10% COVID-19 patients untraceable –GMOA
By Dilanthi Jayamanne
The Health Ministry is unable to identify addresses or living areas of at least ten per cent of patients diagnosed with COVID-19 on a daily basis, the Government Medical Officers’ Association (GMOA) said, cautioning the Ministry that these persons would move about, spreading the virus.
Speaking to the Media, GMOA Executive Committee Member, Dr. Haritha Aluthge, said the GMOA submitted proposals regarding the handling of these patients. “If the Health Ministry cannot trace the addresses of ten percent of patients diagnosed with the virus on a daily basis, it could turn out to be a serious issue when it comes to contact tracing as well. These persons don’t seem to know where they live, therefore the Health Ministry is also helpless,” he said.
Dr. Aluthge urged the Health Ministry and the Epidemiology Unit to recommend policies on which the Government could act if there was a community spread of the virus. 749 patients had been diagnosed, with 13,000 PCR tests conducted on Sunday (17). He said there was a marked increase in the positive rate of the infected, which amounted to 5.25, which is about five per cent. The Director General of Health Services (DGHS) said the cut-off point which signifies a community spread was five per cent. “Therefore, are we still waiting for a further increase to signify a community spread or will the health authorities take the necessary action,” he said.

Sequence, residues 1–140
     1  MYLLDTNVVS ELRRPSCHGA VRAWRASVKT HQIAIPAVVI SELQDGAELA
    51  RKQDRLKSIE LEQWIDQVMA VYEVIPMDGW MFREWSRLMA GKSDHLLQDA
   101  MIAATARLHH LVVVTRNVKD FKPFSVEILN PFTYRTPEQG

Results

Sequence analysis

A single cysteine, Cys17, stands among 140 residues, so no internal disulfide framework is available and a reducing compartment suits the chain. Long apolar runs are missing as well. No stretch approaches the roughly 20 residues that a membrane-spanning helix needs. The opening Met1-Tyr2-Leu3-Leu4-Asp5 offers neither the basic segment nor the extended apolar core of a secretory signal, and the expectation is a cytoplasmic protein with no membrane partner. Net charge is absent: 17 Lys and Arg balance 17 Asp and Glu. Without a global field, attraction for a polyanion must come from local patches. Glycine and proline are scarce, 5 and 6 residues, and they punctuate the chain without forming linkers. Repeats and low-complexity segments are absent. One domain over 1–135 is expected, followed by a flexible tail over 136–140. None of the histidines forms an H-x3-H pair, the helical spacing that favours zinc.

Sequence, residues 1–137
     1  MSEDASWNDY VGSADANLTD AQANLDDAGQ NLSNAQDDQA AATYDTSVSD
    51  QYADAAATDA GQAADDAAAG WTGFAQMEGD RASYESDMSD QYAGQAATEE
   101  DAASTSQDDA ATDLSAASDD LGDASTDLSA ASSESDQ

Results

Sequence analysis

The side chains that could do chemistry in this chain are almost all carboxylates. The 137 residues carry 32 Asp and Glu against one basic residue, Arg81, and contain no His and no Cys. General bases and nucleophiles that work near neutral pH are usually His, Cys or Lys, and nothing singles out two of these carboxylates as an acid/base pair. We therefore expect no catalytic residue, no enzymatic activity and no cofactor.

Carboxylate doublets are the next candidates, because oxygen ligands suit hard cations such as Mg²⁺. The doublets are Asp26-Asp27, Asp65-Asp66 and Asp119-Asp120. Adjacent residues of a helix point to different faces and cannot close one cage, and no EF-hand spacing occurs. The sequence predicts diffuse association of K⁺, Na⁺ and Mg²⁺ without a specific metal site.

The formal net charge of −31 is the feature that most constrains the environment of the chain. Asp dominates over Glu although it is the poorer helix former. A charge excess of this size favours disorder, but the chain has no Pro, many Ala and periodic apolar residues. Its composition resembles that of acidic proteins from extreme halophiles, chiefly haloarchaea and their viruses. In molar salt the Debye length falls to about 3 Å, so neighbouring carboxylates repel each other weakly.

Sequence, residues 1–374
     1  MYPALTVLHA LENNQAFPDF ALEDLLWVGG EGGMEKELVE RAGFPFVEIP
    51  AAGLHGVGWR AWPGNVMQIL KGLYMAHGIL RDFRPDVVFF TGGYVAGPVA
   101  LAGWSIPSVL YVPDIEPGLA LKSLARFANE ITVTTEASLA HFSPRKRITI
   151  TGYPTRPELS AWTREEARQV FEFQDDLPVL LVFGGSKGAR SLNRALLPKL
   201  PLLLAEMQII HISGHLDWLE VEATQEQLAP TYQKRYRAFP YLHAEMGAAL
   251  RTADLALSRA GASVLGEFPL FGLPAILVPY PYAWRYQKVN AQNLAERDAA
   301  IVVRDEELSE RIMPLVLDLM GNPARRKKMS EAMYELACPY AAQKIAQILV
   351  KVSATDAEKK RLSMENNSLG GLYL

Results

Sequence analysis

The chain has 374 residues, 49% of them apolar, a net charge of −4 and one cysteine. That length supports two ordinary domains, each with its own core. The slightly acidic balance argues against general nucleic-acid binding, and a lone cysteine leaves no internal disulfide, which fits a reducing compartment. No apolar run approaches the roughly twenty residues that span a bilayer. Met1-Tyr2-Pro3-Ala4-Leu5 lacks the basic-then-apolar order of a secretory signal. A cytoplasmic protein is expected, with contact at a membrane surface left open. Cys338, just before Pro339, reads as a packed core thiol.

The public expect 2021 to be better, after the dark period of 2020, when COVID-19 dominated the lives of everyone. While some schools have reopened, there was some uncertainty in the Western Province regarding reopening of schools. Also, the airport is scheduled to reopen on Thursday (21), the G.C.E. Ordinary Level Examinations are to be held, public transport services need to resume, while people have to adapt to the new normal. However, to enable these, the Health Ministry should make the necessary recommendations, as to how the Government should fine-tune the process of taking the country forward, under the prevailing pandemic conditions, he said.
Dr. Aluthge said the union was receiving information from its branches that there was an issue regarding the availability of intensive care unit beds, owing to the increasing number of patients being detected. Earlier, the health service was able to strike a balance, as the number of patients who were cured and sent home surpassed the number of patients diagnosed with COVID-19. But the situation has changed, as now the numbers diagnosed virus are more than those being discharged. He warned that this could be a severe strain on the care and services provided by hospitals, as well as on disease surveillance. “The surveillance that the Medical Officers of Health (MOH) and Public Health Inspectors (PHIs) can provide is limited,” Dr. Aluthge said..